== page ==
Latest-generation speech software isn't so reliable that it doesn't need human intervention. Most doctors don't want to make their own corrections, but since all speech recognition software saves the original digital recording, human transcriptionists are able to interpret the intended meaning of slurred and shorthand phraseology better than computers--which are good at "hearing" and grammar but still pretty dumb about the meaning of words--could ever do. You still need a human, well-trained in the terminology of medicine, to ensure the accuracy of every record--though the software is amazingly reliable at filling in forms and checking the coherence of highly structured data, which has fewer word choices and thus a generally higher recognition rate.
One longtime user of L&H's Kurzweil Clinical Reporter, Richard O'Brien, MD, of Moses Taylor Hospital in Scranton, Pa., is satisfied with the results. "I know my transcription cost is zero," O'Brien says. "My transcriptionist is available 24 hours a day, seven days a week. "Turnaround times are virtually nonexistent. "My colleagues can't believe I have [the report] done before they have their dictation done," O'Brien brags.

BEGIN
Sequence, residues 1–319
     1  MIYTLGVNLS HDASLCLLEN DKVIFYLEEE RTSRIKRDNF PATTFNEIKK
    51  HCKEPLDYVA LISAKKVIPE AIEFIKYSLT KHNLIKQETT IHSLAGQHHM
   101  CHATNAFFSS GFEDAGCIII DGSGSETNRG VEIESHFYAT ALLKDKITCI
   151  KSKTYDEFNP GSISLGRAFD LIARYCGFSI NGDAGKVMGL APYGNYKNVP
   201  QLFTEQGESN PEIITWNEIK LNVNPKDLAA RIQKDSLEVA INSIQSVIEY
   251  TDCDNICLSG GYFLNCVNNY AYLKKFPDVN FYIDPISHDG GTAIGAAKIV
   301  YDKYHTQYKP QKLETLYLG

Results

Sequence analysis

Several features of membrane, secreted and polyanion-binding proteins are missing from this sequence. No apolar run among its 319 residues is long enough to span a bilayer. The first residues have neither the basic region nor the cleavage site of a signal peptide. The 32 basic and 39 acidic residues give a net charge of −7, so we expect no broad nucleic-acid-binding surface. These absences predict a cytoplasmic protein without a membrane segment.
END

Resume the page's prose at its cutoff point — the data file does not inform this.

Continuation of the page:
One transcription company, e-DOCS, inc. in Houston, (formerly known as Applied Voice Recognition, Inc.) is basing an entirely new business strategy on using automation to save transcription costs and pass most of the savings on to customers. The company also offers discounts to users of its new Voice Commander 99 system who put extra training time into improving the software's recognition rate. "We will guarantee your costs at no more than 12 cents a line," in exchange for a 39-month contract for transcription services, says e-DOCS, inc. president Tim Connolly. e-DOCS, inc. is realizing such huge cost savings from speech recognition and the use of local Internet connections to transfer files that it no longer charges the $15,000 hardware costs for customers who buy the service contract, says Connolly.
At the same time, e-DOCS, inc. recognizes the continued importance of trained human transcriptionists. The new government documentation requirements "are going to tremendously expand the demand for transcriptionists," Connolly says.